Ruthie is a heart that’s been broken. At the beginning of the story, we find her lying in a cell, clutching a harp in one her drooping wings. People have been cruel to her, and she is wallowing in worthlessness and self-blame. But then she hears a voice coaxing her to get up. The voice belongs to a trumpet-playing heart, and with his help—and his music—Ruthie finds a way out of her prison.
You could say that music is one of the main characters in this book. Written by jazz vocalist, songwriter, and composer Toni Jannotta, MY LITTLE HEART, RUTHIE comes to life in an accompanying CD that features an original jazz suite and narration by the author. Even when read on its own, however, the book maintains a rhythmic, musical feel thanks to its rhyming verse and to illustrator Jennifer Mones’ mixed-media images of swirling colors and musical notes.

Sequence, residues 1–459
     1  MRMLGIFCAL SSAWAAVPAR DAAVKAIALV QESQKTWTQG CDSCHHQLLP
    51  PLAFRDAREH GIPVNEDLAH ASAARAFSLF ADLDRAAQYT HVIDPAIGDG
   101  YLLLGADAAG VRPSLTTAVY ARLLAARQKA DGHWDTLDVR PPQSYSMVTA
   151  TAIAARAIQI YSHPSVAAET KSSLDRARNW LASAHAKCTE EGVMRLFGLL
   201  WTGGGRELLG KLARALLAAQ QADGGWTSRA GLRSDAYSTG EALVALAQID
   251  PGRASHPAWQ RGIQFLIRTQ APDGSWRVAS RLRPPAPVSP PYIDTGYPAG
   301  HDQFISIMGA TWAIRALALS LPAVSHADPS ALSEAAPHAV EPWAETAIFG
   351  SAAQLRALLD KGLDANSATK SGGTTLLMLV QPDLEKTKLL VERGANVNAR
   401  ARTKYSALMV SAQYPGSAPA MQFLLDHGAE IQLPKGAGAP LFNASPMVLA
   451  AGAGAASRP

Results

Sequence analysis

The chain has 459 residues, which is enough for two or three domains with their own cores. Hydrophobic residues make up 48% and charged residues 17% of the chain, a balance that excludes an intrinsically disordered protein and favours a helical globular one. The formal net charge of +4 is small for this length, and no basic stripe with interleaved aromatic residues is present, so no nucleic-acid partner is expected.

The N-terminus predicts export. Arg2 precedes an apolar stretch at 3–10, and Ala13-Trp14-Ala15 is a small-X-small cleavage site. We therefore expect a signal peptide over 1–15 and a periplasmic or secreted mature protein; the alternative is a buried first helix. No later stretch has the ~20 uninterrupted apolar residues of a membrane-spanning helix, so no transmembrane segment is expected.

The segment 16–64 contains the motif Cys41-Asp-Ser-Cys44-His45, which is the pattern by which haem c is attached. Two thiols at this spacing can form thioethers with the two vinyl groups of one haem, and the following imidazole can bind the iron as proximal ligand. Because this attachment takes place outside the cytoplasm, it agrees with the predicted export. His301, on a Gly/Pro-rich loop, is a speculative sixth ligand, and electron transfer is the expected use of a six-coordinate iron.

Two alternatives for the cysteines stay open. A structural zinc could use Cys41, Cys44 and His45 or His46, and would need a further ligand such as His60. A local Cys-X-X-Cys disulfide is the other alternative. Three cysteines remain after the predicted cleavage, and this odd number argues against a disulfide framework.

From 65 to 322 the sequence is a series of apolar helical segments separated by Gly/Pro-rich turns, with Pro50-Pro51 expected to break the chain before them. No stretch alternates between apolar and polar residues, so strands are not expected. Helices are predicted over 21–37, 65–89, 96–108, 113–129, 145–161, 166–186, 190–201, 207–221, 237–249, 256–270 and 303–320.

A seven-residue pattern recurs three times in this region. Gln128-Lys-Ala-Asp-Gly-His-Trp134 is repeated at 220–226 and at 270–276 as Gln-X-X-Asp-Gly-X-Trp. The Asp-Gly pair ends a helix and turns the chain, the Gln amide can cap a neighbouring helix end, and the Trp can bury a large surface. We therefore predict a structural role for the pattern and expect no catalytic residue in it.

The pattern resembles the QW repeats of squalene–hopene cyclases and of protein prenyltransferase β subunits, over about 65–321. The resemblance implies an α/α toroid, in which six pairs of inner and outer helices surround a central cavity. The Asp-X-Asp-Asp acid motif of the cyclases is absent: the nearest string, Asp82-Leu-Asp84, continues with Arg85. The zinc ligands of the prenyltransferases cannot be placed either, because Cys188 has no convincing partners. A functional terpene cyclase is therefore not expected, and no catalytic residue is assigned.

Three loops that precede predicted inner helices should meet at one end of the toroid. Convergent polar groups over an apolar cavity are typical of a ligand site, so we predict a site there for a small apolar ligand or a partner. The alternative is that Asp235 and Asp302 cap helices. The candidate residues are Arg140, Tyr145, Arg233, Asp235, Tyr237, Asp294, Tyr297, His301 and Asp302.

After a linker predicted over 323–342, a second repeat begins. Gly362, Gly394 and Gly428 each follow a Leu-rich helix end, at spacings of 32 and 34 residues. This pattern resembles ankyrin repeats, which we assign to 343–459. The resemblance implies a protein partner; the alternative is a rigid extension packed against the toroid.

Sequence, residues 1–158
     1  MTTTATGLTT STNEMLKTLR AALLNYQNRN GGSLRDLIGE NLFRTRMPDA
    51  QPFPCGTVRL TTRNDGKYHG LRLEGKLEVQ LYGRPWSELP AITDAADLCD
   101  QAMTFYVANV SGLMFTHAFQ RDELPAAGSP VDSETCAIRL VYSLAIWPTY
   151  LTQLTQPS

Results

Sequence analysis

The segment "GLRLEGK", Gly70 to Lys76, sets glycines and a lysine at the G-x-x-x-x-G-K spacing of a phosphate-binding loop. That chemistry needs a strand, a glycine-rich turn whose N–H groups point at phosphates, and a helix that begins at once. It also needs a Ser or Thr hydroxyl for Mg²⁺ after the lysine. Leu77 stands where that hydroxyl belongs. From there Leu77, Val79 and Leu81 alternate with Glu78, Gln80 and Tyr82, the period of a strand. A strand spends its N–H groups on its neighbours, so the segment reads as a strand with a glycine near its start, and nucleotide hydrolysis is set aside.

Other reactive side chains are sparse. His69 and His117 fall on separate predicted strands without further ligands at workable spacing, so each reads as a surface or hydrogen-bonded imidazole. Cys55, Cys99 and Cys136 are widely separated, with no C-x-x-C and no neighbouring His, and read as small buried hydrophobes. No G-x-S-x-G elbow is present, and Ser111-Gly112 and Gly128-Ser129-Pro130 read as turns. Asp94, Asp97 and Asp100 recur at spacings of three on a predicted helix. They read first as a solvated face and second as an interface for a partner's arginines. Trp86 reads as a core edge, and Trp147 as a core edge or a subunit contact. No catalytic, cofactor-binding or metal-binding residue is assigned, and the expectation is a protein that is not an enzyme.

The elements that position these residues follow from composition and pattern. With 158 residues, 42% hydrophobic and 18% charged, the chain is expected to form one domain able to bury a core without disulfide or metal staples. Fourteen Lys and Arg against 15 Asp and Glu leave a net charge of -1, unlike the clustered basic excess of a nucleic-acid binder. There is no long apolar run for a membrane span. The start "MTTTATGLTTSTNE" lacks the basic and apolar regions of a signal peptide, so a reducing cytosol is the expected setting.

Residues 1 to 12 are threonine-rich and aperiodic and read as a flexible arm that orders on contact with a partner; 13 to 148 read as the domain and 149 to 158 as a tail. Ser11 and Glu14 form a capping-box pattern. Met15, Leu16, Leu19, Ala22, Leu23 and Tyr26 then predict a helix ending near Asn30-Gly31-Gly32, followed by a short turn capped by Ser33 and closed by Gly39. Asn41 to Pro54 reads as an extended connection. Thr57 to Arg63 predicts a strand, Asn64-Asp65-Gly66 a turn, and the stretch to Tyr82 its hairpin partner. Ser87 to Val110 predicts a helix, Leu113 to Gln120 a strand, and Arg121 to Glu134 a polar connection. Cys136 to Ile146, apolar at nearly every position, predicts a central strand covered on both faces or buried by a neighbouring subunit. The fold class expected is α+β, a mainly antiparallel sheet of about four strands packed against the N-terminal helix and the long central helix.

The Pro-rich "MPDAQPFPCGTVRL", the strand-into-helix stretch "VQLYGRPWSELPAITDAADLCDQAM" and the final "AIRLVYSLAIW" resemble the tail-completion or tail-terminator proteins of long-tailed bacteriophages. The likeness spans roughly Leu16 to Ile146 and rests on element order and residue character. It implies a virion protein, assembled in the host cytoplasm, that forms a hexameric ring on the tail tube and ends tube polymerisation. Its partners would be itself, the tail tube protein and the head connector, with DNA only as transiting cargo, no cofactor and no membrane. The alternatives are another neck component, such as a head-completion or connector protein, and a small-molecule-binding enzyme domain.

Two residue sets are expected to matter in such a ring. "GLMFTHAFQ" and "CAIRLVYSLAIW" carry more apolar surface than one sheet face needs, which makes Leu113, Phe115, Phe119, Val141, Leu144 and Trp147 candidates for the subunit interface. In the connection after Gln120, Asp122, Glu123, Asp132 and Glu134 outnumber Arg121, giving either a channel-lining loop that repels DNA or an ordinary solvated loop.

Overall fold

Jannotta has said that the book is based on memories of abuse she suffered as a girl. In the story, we learn that Ruthie once played her harp for people in hopes of bringing them joy, but instead they laughed at her. “They barked at my playing and they snapped at my strings,” she says. “I saw such a cruelty show.” RUTHIE is more poem than story; it works on abstraction and metaphor: hearts learning to soar again, light finding its way into a dark cave. It aims to speak to young people who have suffered emotional wounds, from playground taunts to more serious abuses.
That said, readers looking for more of a concrete narrative may find less to grasp onto, and the verse occasionally strays into clichéd platitudes. This could be more of a grown-up’s gripe; perhaps it’s not so problematic for young people who are learning to navigate big emotions for the first time. At its heart, RUTHIE is a song. It is best experienced read aloud, or listened to with the accompanying music. If the prose occasionally falters, the singsong rhythms smooth over the bumps. It will no doubt help some wounded hearts to heal.
~Michelle Vames for IndieReader